List of North Korean defectors in South Korea

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This is a list of North Korean defectors in South Korea. North Korean defectors typically received a great deal of media attention in the past; however, as their numbers increase, this is becoming less common. Furthermore, the vast majority of defectors from North Korea are unable to proceed to the South; they instead end up settling illegally, typically in northeast China or the Russian Far East.

The month, day, and year, when known, refer to when the defector(s) arrived in South Korea. This list can never be exhaustive so long as the threat exists of retaliation by the North Korean government against "traitors" to the regime. Many defectors do not reveal their true identity and give interviews using a pseudonym.

  • 1953
    • 21 September — Air force senior lieutenant No Kum-Sok (age 21) flew his MiG-15 to the South. Since this fighter plane was then the best the Communist bloc had, No's defection was considered an intelligence bonanza, and he was awarded the then high sum of $100,000 and the right to reside in the United States.
  • 1968
    • Kim Shin-Jo – on 21 January, one of a 31-person team sent to the South to assassinate then-President Park Chung Hee. This led to retaliation in what is known as the Silmido incident. After his life was spared, he has become a missionary and has written books on how he found inner peace in Christianity.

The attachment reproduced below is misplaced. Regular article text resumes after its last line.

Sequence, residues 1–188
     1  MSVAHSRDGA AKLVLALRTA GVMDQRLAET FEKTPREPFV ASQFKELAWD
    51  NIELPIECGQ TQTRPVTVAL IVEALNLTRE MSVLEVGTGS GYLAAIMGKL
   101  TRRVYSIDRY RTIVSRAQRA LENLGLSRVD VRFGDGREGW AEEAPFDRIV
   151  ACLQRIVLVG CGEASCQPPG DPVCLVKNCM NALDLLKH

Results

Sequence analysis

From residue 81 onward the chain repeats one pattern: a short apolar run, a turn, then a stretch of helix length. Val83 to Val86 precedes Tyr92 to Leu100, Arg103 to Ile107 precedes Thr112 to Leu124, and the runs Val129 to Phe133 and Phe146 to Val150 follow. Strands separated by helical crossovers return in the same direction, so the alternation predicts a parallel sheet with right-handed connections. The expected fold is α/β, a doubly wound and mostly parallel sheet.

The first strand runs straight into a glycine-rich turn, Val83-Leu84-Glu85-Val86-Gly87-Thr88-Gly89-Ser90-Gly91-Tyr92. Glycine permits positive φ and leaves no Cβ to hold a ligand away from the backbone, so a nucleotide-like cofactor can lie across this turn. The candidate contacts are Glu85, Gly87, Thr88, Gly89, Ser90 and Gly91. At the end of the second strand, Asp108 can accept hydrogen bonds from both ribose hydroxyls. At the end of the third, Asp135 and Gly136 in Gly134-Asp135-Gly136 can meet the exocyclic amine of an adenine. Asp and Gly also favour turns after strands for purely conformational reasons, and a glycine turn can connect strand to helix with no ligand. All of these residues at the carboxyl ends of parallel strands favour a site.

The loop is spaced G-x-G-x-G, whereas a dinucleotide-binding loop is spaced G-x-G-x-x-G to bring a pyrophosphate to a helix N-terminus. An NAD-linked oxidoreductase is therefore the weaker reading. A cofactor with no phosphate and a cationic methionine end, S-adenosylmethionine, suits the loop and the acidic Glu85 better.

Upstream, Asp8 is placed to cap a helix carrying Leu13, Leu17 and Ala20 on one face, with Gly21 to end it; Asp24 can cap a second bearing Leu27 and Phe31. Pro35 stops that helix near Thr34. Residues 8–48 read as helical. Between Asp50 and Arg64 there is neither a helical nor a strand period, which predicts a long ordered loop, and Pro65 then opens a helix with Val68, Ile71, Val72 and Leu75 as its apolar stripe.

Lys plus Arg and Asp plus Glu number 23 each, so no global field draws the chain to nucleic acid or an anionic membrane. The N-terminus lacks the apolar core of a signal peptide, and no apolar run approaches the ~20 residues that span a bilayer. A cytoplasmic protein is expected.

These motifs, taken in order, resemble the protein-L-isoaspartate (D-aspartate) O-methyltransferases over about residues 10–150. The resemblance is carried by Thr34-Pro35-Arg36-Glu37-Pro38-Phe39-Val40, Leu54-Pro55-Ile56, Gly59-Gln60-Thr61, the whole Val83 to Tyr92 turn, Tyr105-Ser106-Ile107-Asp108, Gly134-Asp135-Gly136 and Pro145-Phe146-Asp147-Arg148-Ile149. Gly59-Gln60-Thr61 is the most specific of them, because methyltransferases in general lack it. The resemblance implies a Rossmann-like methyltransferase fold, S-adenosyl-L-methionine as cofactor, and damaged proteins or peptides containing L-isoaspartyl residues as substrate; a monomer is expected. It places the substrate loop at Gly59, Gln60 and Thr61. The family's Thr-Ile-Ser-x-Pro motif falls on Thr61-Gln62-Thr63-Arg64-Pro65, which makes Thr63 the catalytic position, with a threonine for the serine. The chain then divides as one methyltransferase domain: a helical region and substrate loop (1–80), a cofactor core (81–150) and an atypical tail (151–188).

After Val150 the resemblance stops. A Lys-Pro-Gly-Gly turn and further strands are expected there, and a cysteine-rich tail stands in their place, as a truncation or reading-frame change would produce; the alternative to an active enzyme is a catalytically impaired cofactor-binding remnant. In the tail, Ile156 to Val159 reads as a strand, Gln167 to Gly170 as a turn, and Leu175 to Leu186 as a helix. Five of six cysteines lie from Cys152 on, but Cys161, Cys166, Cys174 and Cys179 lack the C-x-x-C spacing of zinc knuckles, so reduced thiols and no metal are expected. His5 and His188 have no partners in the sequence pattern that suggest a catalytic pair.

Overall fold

• 1982
    • Ri Han-yong – nephew of Kim Jong-il; shot to death in 1997 in Gyeonggi-do by unknown assailants widely suspected to be North Korean agents, in what was variously speculated to be an attempt to silence him after his publication of a tell-all book about Kim Jong-il's private life, revenge for his mother Song Hye-rang's defection a year earlier, or a warning to fellow defector Hwang Jang-yop.[1]
  • 1992
    • Kang Chol Hwan – Due to North Korea's policy of collective punishment, Kang was imprisoned at age 9 along with his entire family after his father, a Zainichi Korean who'd returned to North Korea, was accused of treason.[2] He was released 10 years later, fled to China and defected to South Korea in 1992, where he became a prominent human rights activist and a columnist at the Chosun Ilbo.[3] In 2001 he published a memoir titled "Aquariums of Pyongyang: ten years in the North Korean gulag", describing his experiences in Senghori and Yodok concentration camps.[3] In addition to a human rights advocate, Kang became a vocal critic of South Korea's "sunshine policy" under the Kim Dae Jung administration, arguing that it propped up the Kim family dictatorship and worsened the suffering of the North Korean people.[4]
  • 1994
    • Jang Gil-su – North Korean movie director who defected to the South and has become a successful director there.
  • 1995
    • Lee Soon-ok – December – high-ranking party member from northern province defected with son to the South via China and Hong Kong after suffering seven years in a political prisoner camp at Kaechon. She has since written her memoirs, Eyes of the Tailless Animals, and testified before the United States House of Representatives and the United Nations.
  • 1997
    • Hwang Jang-yop – 12 February – former secretary of the North Korean Workers Party and his aide, who came to the Consular Section of the Republic of Korea Embassy in Beijing seeking political asylum. They arrived in Seoul on 20 April after staying in the South Korean Consulate in Beijing for 34 days and in the Philippines for 33 days. Hwang is the highest ranking North Korean official to defect. Kim Dok-hong, his aide, defected with him.[5][6]